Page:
I don’t know if you believe point #1, but you don’t believe point #2, so we don’t even have a starting point. If I point to anything in the Bible that you disagree with, you will just say, “That wasn’t original, inspired, etc.” As Neil says on his blog, it’s “Dalmatian [or Leopard] Theology” — “the Bible is only inspired in spots, and I’m inspired to know which are those inspired spots.”

              If Jesus is God, and God wrote (inspired) the Bible, then what is written in the Bible has the full force of God, and is of the same weight as what the Gospels record Jesus as having said. Even John said that not everything that Jesus said and did were written, nor *could* be written down.

  7. Neil said, on August 22, 2011 at 8:27 pm

    “Your assertion that (and reliance on) the John 14:6 verse “No one comes to the Father except through Me.” is based upon the belief that it refers to Christ the person, versus Christ the Godhead.”

    I don’t follow how “me” could refer to the Godhead when the passage specifically mentions God the Father.

    Also, there are roughly 100 passages in the New Testament indicating that Jesus is the only way to salvation. John 14:6 is just a warm-up. And you don’t just need the Gospels, but here’s one of many: Matthew 11:27 “All things have been handed over to me by my Father, and no one knows the Son except the Father, and no one knows the Father except the Son and anyone to whom the Son chooses to reveal him.”

    • Paul Jacob Boller said, on August 22, 2011 at 11:50 pm

      Neil,

      I am listening. Please tell me the passages that state that belief in Jesus the Man is the only way to salvation.

      Peace in Christ,

      Paul

  8. David Marks said, on August 22, 2011 at 9:28 pm

    The “except through me” verse is one of the best examples of how different approaches to the Bible preclude further discussion. And I’m not saying that in a bad or judgmental way, it’s just true. I had a professor who taught “As a good Jew, Jesus would never have said that. It’s an addition by the writer.” And that, predictably, leads to a “There you go again…” response. It’s been my observation that conservatives are many times frustrated by a liberal person’s subjectivity, just as liberals can be frustrated by a “God said it, that settles it” approach to scripture. This is why it’s more productive, in my opinion, to stick to commonalities. Like love.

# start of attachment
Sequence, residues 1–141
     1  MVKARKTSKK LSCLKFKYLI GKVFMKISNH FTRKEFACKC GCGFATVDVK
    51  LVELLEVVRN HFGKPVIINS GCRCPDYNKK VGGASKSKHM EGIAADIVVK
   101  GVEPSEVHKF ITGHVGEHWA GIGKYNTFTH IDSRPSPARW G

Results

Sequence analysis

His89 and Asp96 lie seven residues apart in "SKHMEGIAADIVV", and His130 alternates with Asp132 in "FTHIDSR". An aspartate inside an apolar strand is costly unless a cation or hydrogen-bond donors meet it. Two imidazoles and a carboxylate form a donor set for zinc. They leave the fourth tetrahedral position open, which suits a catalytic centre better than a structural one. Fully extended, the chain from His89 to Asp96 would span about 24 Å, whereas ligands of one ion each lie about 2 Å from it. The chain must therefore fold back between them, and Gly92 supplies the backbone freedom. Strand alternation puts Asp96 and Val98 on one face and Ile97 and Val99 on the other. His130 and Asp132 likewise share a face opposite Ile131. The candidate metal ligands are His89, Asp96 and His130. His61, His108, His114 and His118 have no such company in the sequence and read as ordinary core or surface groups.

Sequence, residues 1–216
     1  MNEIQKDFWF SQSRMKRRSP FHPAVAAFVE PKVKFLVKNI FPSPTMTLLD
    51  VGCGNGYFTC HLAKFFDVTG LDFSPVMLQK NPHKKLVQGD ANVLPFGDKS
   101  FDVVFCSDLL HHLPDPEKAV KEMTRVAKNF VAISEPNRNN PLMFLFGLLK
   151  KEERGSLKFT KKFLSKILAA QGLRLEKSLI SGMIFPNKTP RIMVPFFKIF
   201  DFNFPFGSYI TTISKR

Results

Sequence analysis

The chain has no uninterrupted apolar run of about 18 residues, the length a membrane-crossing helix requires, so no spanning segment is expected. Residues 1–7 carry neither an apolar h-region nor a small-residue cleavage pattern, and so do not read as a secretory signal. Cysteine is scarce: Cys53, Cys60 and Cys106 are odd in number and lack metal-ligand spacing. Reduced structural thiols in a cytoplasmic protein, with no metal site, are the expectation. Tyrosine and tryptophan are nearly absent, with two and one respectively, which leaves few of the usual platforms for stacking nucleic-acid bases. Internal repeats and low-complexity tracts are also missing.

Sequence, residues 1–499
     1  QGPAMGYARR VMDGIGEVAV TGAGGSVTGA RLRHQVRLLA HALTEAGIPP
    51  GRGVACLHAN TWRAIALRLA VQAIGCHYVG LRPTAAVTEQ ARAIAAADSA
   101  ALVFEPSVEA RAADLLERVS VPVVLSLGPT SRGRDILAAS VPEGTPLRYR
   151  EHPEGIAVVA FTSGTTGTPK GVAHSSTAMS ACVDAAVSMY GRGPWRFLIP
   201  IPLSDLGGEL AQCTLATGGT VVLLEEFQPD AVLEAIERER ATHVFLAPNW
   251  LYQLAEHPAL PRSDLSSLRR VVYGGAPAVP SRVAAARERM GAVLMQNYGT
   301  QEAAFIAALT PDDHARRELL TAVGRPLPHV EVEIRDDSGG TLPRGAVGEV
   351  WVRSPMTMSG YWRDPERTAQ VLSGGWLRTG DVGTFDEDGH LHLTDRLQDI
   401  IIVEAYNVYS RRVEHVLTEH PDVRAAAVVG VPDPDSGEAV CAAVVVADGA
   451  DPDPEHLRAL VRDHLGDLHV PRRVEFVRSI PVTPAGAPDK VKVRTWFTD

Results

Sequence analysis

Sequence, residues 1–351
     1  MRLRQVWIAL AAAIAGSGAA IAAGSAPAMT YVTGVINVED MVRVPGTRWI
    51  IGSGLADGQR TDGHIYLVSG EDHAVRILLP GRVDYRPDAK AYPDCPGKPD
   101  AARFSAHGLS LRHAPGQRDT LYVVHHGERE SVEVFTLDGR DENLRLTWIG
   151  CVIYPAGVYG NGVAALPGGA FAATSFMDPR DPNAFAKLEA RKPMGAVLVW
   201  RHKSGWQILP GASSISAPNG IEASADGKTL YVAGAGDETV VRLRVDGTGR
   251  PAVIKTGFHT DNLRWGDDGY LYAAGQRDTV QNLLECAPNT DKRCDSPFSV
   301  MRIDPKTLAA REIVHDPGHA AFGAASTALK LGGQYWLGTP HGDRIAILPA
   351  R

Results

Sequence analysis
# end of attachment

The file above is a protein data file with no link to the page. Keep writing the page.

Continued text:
We all know that scripture can and will be used to justify all manner of beliefs. It was used to defend slavery, for example. However, we can probably agree that living a loving life is a central teaching of Jesus. A liberal’s lack of concern over what conservatives may believe will result in eternal punishment may be frustrating, but if we all try to live out the radical love of Jesus, maybe we’ll be able to wrestle alongside one another, rather than with each other.

    • Paul Jacob Boller said, on August 22, 2011 at 11:54 pm

      Thanks David!

      You have succinctly summarized the “issue”.

      Some wish to enforce their “beliefs” and their “interpretations” of their beliefs on others.

      And we all know that faith is (and must be) subjective.

      Oops, and yes, it is an addition by a later writer (John the Elder)

      Peace in Christ and Love,

      Paul

  9. Neil said, on August 22, 2011 at 10:14 pm

    “I had a professor who taught “As a good Jew, Jesus would never have said that. It’s an addition by the writer.””

    Not surprising to hear people say that. Non-Christians typically sit in judgment of scripture.

    “This is why it’s more productive, in my opinion, to stick to commonalities. Like love.”

    I don’t see how that is helpful. I think it is loving to share the Gospel and let people know they are sinners in need of a Savior. But I’ve noticed that some people think it is unloving to call people sinners (even if I readily admit to being one myself). I think it is loving to help people who can’t help themselves, and to help them gain skills so they can be self-reliant. I think it is un-loving to ask “Caesar” to take from neighbor A by force to “give” to neighbor B and to consider it charity on my part, especially when that “giving” has so many negative effects. That puts my definition of love at odds with theological liberals.

    Theological Liberals typically deny so many essentials (Jesus’ divinity, his exclusivity, the authority of scripture, God’s plan for human sexuality, etc.) that to minister with them would be to break the command to be equally yoked. They don’t just teach things that are a little different, they are the opposite.

    • Paul Jacob Boller said, on August 23, 2011 at 12:03 am